by Darryl Sterdan

A few years ago, California power-pop singer-guitarist Anton Barbeau met British psychedelic guru Nick Saloman and his band Bevis Frond in Sacramento. A while later, they met again in a London studio to record this idiosyncratic marvel of a disc, which first came out in 2003 on the Frond's own label. On these dozen cuts, Barbeau's congested yelp, chunky power-pop guitars and accomplished tunesmithery meet the Frond's restlessly creative freakiness -- but the result sounds more like mid-'70s Bowie meets Robyn Hitchcock and The Soft Boys meets Matthew Sweet meets Andy Partridge and XTC meets Bob Dylan meets Elvis Costello meets John Lennon meets Alex Chilton and Big Star. Let's just call it a meeting of the minds and be done.


by Alan Downes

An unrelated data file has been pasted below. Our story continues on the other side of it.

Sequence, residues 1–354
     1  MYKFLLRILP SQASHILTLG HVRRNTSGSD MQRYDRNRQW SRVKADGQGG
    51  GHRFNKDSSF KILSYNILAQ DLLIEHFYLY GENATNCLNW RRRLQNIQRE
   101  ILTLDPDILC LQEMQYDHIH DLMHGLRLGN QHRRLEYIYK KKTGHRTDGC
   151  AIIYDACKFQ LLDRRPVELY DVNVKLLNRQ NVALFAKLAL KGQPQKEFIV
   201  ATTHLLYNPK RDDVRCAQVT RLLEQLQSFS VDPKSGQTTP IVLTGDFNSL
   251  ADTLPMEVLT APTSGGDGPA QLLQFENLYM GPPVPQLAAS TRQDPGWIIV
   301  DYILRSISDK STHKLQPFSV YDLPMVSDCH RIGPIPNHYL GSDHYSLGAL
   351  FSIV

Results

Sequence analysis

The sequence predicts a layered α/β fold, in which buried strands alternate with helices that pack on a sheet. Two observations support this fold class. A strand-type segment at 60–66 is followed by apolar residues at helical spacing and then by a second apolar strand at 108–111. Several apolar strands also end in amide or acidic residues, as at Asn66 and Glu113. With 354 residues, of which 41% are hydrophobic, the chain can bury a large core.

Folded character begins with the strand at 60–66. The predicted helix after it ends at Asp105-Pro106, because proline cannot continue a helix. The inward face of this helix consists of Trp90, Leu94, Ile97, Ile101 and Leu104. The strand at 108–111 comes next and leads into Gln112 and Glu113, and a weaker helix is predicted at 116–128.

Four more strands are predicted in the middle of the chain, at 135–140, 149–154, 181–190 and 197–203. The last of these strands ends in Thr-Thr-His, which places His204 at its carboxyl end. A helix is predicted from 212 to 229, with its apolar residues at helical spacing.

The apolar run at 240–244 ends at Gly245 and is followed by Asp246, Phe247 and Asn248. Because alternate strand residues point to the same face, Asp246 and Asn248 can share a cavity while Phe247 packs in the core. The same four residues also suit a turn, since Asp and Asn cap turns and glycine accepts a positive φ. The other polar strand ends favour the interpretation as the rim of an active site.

Intrigued by LOGO's recent description of him as "competely hatstand," not a phrase in common currency in his hometown of Sacramento, Anton Barbeau got in touch and was not at all put out to learn that we were implying that he was slightly mad, instead sending us a copy of last year's King Of Missouri for further enlightenment. It soon becomes clear that Barbeau isn't at all mad, he just operates on a different plain from the rest of us. Backed here by The Bevis Frond's Nick Saloman and Ade Shaw, King sounds like psychedelic power-pop created by sleep-deprived shamen, Barbeau's cracking (in both senses of the word) voice rasping over Saloman's crystalline guitars like a blessed alliance between The Soft Boys, Cake and XTC, all of whom hold Barbeau in high esteem. Despite the easy tag, Barbeau peddles neither pop nor psychedelia, it's power that's the important word. Though they're completely unrelated references, think of Julian Cope's sprawling Krautrock and Zappa's ironic everything as touchstones for how outsider music can get inside you and change the way you think, feel and hear. Barbeau deserves a place alongside them.